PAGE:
The most controversial 2042 design decision saw classes eschewed for a broader assignment of Specialists. 10 were available at launch, and while each loosely fit within Assault, Engineer, Support, and Recon boundaries, their wider proficiencies muddied the readability of squads. McArthur says the intention was good, but it just didn't land as intended. "The goal that we originally had was a good one to chase. We wanted to keep that 'rock, paper, scissors' teamplay structure and give it more identity, and provide more opportunities to grow the sandbox over time. What we underestimated was that, because it looks so different, players didn't necessarily see how it all fit together."
"Each of these Specialists were originally designed to fit within the class structure that we had in previous games. We just didn't land that communication, or execute it in a way that players understood what role each Specialist was supposed to play," says McArthur. "We underestimated the need to make sure that we constantly tie these things back to the original pillars of Battlefield – class gameplay, squadplay, and teamwork. This is one of the big places where we fell."
"When we look back at the data, and when we really started moving forward with introducing the class systems, one of the big things we really started to understand was that a lot of our issues came from the fact that players didn't understand how the Specialists were supposed to work. And if you don't understand how something is supposed to work, of course you believe that the old way was better. Feedback from players was really good around this. So we had to find a way to give them what they wanted, but still allow us the freedom and flexibility that we originally wanted too."
The Specialists are now more distinctly divided into four Classes, and the result is a more cleanly defined structure to 2042's massive conflicts. Regardless of whether there are 64 or 128-players on a round of Conquest or Breakthrough, the pace to play is more balanced when players understand their role, and what is expected of them, to help the wider team succeed amidst the chaos. "From a perception perspective," McArthur says, "classes were the last nail in the journey back to what a Battlefield game should be, and we're seeing the community talk about how they've got the game they were hoping for when we first launched Battlefield 2042."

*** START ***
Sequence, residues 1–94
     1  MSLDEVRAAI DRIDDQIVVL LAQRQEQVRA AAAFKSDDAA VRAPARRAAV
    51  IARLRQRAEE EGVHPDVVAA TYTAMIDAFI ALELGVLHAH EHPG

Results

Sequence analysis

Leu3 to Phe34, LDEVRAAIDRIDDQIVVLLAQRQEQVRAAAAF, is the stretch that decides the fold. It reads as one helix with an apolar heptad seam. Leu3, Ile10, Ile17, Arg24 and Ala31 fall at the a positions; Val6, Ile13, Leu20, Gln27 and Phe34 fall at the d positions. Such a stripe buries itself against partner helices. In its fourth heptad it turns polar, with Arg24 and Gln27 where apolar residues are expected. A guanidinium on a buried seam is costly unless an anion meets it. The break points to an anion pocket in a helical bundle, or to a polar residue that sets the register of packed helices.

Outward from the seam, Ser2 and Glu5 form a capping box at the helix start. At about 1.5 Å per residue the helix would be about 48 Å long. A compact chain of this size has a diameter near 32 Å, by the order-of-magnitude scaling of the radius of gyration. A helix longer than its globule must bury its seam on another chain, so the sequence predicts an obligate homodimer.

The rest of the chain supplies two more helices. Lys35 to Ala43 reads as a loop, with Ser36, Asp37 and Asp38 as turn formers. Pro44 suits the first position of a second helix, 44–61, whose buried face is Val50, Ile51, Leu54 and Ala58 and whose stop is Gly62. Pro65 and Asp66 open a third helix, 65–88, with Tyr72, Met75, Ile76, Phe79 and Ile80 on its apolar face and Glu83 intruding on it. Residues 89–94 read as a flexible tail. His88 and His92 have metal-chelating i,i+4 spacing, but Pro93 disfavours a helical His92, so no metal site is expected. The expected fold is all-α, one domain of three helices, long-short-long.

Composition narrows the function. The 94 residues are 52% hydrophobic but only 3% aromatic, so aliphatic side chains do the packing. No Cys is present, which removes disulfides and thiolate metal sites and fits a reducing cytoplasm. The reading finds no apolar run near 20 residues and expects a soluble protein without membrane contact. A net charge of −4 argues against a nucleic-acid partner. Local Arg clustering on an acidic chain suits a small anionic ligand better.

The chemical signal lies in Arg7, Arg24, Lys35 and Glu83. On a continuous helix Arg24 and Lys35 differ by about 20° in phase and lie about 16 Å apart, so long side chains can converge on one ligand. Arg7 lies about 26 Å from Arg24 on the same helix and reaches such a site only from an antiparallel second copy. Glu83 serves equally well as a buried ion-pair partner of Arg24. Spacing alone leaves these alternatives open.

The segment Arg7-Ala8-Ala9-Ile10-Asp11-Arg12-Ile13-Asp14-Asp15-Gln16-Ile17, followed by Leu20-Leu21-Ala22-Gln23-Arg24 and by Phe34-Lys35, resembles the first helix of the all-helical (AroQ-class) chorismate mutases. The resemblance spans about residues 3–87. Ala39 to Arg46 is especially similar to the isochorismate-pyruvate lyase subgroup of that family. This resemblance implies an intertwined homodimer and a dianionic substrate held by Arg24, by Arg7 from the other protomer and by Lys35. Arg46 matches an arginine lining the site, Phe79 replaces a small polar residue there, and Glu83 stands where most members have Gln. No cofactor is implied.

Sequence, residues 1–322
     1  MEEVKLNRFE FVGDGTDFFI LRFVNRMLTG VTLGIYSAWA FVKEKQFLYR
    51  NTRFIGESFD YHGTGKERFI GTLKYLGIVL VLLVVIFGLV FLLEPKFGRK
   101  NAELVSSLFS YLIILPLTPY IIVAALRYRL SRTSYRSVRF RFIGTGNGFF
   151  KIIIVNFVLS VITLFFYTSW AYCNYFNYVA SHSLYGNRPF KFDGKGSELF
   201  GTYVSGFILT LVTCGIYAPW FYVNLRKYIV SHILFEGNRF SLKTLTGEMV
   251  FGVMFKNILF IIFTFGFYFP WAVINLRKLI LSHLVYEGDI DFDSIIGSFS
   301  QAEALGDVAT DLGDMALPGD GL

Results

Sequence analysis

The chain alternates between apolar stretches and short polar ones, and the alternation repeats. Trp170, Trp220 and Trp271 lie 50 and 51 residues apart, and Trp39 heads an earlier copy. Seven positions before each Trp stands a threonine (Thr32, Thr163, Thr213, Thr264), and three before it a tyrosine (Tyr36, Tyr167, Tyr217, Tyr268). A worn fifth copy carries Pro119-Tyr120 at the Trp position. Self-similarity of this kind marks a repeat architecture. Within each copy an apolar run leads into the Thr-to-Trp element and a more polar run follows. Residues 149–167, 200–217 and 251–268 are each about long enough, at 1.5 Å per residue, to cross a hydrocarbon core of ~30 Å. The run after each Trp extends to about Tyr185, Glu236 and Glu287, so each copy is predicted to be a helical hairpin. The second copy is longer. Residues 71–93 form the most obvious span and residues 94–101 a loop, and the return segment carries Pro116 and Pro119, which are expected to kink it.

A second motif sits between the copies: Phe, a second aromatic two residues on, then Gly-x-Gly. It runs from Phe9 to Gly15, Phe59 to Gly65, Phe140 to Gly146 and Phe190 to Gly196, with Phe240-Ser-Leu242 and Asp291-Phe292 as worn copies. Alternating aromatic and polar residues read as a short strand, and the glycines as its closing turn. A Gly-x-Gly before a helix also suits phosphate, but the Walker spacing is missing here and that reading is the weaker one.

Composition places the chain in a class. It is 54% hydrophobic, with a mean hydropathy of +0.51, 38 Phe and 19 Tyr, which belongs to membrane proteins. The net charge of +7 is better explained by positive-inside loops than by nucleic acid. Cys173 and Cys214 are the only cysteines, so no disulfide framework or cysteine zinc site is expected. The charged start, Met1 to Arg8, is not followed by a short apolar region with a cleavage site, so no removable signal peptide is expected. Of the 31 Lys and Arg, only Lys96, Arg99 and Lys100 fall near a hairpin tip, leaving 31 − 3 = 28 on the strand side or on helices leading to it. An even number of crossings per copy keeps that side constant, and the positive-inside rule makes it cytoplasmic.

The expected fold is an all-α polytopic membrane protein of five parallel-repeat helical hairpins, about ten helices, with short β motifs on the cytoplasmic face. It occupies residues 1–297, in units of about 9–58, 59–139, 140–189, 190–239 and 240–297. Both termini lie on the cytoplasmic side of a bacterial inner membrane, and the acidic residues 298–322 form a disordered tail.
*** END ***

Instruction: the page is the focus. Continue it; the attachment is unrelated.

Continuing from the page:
The return of classes has also been positive for DICE. McArthur says the system's return has given the team a "clarity of purpose" and has helped solidify the vision, driving development of new modes, maps, and themed-events forward. "Other features in the game are richer when you have a proper class system back in the game," he says, adding, "we're really leveraging players playing together, and accentuating that as we go forward."
There's still a long road ahead for Battlefield 2042, but the game available today is in a good place. McArthur isn't able to discuss the particulars of Season 6, but he is able to give us insight into DICE's mindset moving forward. "Coming into Season 5, I think that was sort of our first big step pushing forward into new. There is a lot of nostalgia tied to Season 5; the new map, Reclaimed, being a nod to the Battlefield 4-era, and even the coloring and tone of the season is very much leaning back towards the roots of the franchise," he says. "But what we really want to do is find new ways to connect with players now that we've really gotten the game under us."
If you take a broad look at what has come in Season 5, you get a clear sense of where Battlefield 2042 is heading next. DICE is exploring ways to strengthen the foundations, a tighter focus on squad management and modes which emphasize squad collaboration, and then find new ways to leverage the scale of the platform. "That's where we're at right now; we're trying to really sink our teeth into what makes Battlefield great while trying to find new ways to deliver that to players. I think Season 6 is going to be one of those really interesting moments where people are going to go, 'well, I didn't expect that, but that's really Battlefield.' And I think that's the kind of thing we want to go after right now. How do we move forward and give our players more, but still Battlefield."
"People trip and make mistakes," says McArthur as our conversation draws to a close. "I think it's good for us to get a chance to come back and do what we think we can do best. It's been fun to see players jump back in and give us another chance, and for them to say, 'yeah, you guys are getting where you're supposed to be."